A bold food rescue plan
By Ashley Stanley
“Every problem has in it the seeds of its own solution” wrote Norman Vincent Peale, author of “The Power of Positive Thinking.” Nowhere is this truer than in the case of our nation’s approach to feeding the hungry.
Millions of Americans live in households struggling to put food on the table. At the same time, studies show that some 40 percent of all food produced in the U.S. goes to waste. That amounts to more than a billion pounds of food – imagine filling the Rose Bowl with food and incinerating it, every day. The retail value of avoidable food waste is estimated at $197 billion per year.
Food is the single largest source of waste dumped into our landfills, accounting for 14 percent of the residential municipal solid waste stream, according to the Duke Center for Sustainability & Commerce.
A bold move by the administration of Governor Deval Patrick has the potential to significantly lower that percentage. A proposal by the administration would introduce anaerobic digestion — creating energy from waste — to the Bay State by banning large institutions, such as supermarkets, colleges, hospitals and hotels, from disposing of food waste.
The key sentence from the governor’s proposal, however, is not the ban itself. It is the requirement that these large institutions first attempt to donate or re-purpose unused food. What is not donated can then be sent to an anaerobic digestion facility.
The donation requirement is what sets this proposal apart from other food-to-energy plans, because it not only seeks to solve the landfill issue, it strives to feed the hungry as well.
Investment in anaerobic digestion, a process that converts organic waste into energy, is key to reducing our waste stream. But first, stronger efforts must be made to support the rescue and distribution of quality, edible foods no longer of value at the retail and wholesale level.
The Patrick administration’s proposal represents a re-thinking of food policy. Doing so will not only aid the hungry, it will strengthen the economy, improve the environment, and lead to better health for those who have relied on canned or frozen food because that is what is currently available to them.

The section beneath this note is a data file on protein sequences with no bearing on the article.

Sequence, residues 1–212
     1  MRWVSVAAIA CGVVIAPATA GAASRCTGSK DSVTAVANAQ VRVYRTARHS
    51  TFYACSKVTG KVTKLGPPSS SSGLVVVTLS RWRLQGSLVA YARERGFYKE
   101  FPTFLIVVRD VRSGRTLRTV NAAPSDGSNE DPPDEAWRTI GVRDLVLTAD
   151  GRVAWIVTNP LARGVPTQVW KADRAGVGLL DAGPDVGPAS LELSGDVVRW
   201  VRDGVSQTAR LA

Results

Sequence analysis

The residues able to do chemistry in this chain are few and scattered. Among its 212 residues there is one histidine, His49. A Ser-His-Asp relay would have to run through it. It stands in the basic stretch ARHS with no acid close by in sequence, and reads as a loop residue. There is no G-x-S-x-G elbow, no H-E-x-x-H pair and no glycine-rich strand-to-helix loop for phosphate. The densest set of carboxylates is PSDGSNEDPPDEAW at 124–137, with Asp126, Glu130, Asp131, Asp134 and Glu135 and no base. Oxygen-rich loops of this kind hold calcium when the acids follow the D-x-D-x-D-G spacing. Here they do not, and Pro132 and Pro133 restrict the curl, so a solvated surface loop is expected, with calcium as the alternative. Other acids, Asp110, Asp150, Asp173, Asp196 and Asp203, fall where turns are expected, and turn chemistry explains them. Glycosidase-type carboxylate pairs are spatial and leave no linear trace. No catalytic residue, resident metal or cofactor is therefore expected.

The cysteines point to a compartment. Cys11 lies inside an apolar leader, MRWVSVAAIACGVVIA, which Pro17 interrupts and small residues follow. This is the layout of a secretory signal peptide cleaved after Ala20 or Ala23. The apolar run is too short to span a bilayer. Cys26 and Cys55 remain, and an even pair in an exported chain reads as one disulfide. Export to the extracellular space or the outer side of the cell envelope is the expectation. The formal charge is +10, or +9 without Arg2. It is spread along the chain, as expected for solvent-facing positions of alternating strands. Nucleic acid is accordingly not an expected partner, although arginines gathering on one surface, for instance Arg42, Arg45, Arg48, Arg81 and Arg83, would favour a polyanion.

We need to get serious about food rescue. Organizations like ours save truckfuls of food and feed thousands of people each year, but more and better-funded organizations are needed. The governor’s proposal provides a statewide impetus to “upcycle” foods, and the significance of its placement of food donation before food recycling cannot be overstated.
Food donation is a particularly urgent issue, since less than 10 percent of surplus edible food is recovered in the United States. Studies put food waste at up to 20 pounds per person each month, a staggering figure.
We need to re-define and re-examine how we are getting food to people in need and change what is not working. The Natural Resources Defense Council states that reducing food losses by just 15 percent would be enough to feed more than 25 million Americans every year. The Council notes as well the need for collaboration among businesses, governments, and consumers. All three legs of the stool are needed: businesses need to re-think how they handle surplus food; government needs to facilitate and, where necessary, direct efforts; and consumers must accept that they have a role to play as well — food waste does more than affect their family budget.
Nobody is suggesting that supermarkets sell brown bananas or five star restaurants serve day-old bread. We don’t need those types of interventions. We need a more sensible and balanced approach, where the hungry are fed and the landfills are spared.
The Patrick administration’s proposal identifies the right interventions in the right order: Re-purpose first and then whatever remains should be put to alternate uses, such as energy. The plan demonstrates true vision that is missing at the national level and will put our Commonwealth on the road to food recovery.
Ashley Stanley is the founder and executive director of Lovin’ Spoonfuls, a food rescue organization.